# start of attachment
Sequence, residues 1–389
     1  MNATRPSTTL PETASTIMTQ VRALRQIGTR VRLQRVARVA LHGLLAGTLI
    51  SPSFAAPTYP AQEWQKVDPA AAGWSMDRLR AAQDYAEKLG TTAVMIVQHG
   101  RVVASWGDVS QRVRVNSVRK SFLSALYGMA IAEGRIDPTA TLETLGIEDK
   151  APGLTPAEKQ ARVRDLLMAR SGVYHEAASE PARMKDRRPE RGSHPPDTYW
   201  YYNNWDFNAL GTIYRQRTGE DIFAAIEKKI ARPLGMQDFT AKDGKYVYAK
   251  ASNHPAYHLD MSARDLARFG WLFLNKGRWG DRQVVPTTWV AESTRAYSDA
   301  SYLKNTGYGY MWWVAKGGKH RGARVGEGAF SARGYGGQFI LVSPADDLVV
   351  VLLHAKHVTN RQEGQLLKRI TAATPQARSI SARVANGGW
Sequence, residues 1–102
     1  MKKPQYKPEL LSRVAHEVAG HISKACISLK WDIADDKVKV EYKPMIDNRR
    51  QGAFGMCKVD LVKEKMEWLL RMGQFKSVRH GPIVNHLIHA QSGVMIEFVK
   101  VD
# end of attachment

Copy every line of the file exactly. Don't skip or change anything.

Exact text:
Sequence, residues 1–389
     1  MNATRPSTTL PETASTIMTQ VRALRQIGTR VRLQRVARVA LHGLLAGTLI
    51  SPSFAAPTYP AQEWQKVDPA AAGWSMDRLR AAQDYAEKLG TTAVMIVQHG
   101  RVVASWGDVS QRVRVNSVRK SFLSALYGMA IAEGRIDPTA TLETLGIEDK
   151  APGLTPAEKQ ARVRDLLMAR SGVYHEAASE PARMKDRRPE RGSHPPDTYW
   201  YYNNWDFNAL GTIYRQRTGE DIFAAIEKKI ARPLGMQDFT AKDGKYVYAK
   251  ASNHPAYHLD MSARDLARFG WLFLNKGRWG DRQVVPTTWV AESTRAYSDA
   301  SYLKNTGYGY MWWVAKGGKH RGARVGEGAF SARGYGGQFI LVSPADDLVV
   351  VLLHAKHVTN RQEGQLLKRI TAATPQARSI SARVANGGW
Sequence, residues 1–102
     1  MKKPQYKPEL LSRVAHEVAG HISKACISLK WDIADDKVKV EYKPMIDNRR
    51  QGAFGMCKVD LVKEKMEWLL RMGQFKSVRH GPIVNHLIHA QSGVMIEFVK
   101  VD